Top 10 Export and Import documents part 1

                                     Top 10 Export and import documents

                                                               Part 1          

Export documentation lies at the heart of all international trade transaction. In provides exporters and importers with an accounting record; shipping and logistics companies with instructions of what to do with freight information; and banks with instructions and accounting tools for collecting payments.

Export documents are more complex than those used for domestic sales due to the special characteristics of international trade: geographical distance, different customs laws, different means of transport, greater risks, etc. The documents required for each shipment will depend on the conditions of sale ( Incoterms ) agreed between seller and buyer.

I describe below the top 10 port documents mentioning for each one: what are used for? who prepares them? and to whom they are addressed? 

                                            International Purchase order

Usually, international transactions are based on the buyer's purchase order. Issuance of a international purchase order is normally preceded by an exchange of information between exporter and importer with respect to the price, quality and quantity of products , etc.

When the transaction details have been agreed , the seller may issue an informal price quote or a more detailed proforma invoice. If the buyer accepts the seller's price and other conditions, the buyer issues a purchase order.

The international purchase order may constitute a binding offer or a binding acceptance, depending on the circumstances. Usually in international transactions involving a large commercial buyer, the purchase order is often the main contract form and constitutes the first legally binding offer. In such cases, the seller's signature of the purchase order will constitute the acceptance of the transaction.

                                      International commercial invoice

The international commercial invoice is main document of export documantation because contains all the information about the international sale.  The item, quantity, price for the products / services sold, delivery and payment conditions, as well as the taxes and other expenses that might be included in the sale, are detailed in an international commercial invoice.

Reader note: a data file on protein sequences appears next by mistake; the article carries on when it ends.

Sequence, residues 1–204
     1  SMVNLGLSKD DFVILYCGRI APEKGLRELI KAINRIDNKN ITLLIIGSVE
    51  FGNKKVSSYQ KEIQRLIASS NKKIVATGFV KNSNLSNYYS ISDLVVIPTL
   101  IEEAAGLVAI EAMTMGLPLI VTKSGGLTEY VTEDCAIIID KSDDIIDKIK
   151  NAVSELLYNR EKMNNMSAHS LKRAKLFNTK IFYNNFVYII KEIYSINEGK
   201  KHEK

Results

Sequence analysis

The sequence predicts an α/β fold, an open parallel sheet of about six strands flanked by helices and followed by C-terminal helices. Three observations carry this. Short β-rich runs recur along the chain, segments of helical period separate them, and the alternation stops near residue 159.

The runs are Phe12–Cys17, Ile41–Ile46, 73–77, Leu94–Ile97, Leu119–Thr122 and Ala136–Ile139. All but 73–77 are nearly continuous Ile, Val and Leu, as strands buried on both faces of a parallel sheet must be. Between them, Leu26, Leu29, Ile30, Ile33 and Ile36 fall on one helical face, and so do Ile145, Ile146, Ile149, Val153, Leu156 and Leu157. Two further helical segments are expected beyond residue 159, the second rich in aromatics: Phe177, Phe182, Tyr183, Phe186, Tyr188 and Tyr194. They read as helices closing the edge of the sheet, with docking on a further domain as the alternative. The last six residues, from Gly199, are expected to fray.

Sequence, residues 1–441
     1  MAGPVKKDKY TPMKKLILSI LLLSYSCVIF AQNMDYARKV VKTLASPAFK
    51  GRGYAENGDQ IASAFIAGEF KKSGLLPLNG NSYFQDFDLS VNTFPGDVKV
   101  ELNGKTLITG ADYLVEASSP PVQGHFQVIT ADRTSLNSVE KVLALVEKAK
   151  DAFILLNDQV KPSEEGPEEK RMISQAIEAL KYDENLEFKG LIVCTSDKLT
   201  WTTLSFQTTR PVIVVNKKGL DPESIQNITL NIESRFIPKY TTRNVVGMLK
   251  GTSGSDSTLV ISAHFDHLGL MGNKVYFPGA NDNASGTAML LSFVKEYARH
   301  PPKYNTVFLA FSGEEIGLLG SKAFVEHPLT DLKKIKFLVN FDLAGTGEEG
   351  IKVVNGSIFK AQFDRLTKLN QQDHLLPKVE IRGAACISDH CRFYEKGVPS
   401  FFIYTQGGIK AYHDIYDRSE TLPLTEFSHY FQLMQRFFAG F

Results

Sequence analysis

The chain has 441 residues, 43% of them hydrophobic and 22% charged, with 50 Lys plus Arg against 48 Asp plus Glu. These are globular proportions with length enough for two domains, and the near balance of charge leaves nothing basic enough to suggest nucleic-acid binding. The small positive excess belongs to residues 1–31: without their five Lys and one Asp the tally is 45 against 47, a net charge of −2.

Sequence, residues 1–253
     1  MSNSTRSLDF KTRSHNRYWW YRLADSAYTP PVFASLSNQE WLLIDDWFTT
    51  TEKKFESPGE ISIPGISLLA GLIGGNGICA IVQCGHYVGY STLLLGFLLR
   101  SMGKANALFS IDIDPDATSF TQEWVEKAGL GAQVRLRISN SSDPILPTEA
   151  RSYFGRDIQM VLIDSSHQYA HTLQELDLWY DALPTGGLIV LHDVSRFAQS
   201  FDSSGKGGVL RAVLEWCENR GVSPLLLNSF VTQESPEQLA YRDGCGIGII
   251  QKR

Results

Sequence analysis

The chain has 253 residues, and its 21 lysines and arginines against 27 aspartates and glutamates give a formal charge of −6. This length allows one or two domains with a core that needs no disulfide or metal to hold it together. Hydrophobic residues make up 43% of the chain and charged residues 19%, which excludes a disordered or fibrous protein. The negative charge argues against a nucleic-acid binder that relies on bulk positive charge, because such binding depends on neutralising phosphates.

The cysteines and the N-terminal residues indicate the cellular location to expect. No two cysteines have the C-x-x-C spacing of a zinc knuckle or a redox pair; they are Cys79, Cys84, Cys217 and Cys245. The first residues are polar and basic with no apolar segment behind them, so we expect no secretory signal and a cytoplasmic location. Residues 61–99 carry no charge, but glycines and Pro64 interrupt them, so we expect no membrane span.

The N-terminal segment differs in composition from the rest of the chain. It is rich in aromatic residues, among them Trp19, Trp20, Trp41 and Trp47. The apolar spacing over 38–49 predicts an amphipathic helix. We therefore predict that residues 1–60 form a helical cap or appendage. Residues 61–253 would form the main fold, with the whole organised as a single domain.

The importer, with the original of the international commercial invoice, declares to the tax authority of his country the amount that it must pay, to who it is going to pay and the agreed means of payment. For the exporter, this document means a documentary evidence of the sales that it has made in foreign markets.

In operations with third countries, the international commercial invoice is part of the customs declaration, upon which, the taxes and tarif rights applied, must be paid at the moment at which the products enter the country.  In operations with EC countries, this document is used as a declaration of the transaction and tax exemption to comply with basic tax settlement conditions.

                                                                 Packing list

The packing list is a more detailed version of the commercial invoice but without price information. It must include, inter alia, the following: invoice number, quantity and description of the goods, weight of the goods, number of packages, and shipping marks and numbers.

A copy of the packing list is often attached to the shipment itself and another copy is send directly to the consignee to assist in checking the shipment when received.

Although not required in all transactions, it is required by some countries and some buyers. This document is prepared by the exporter and addressed to the importer, the carrier and the import customs clearance.


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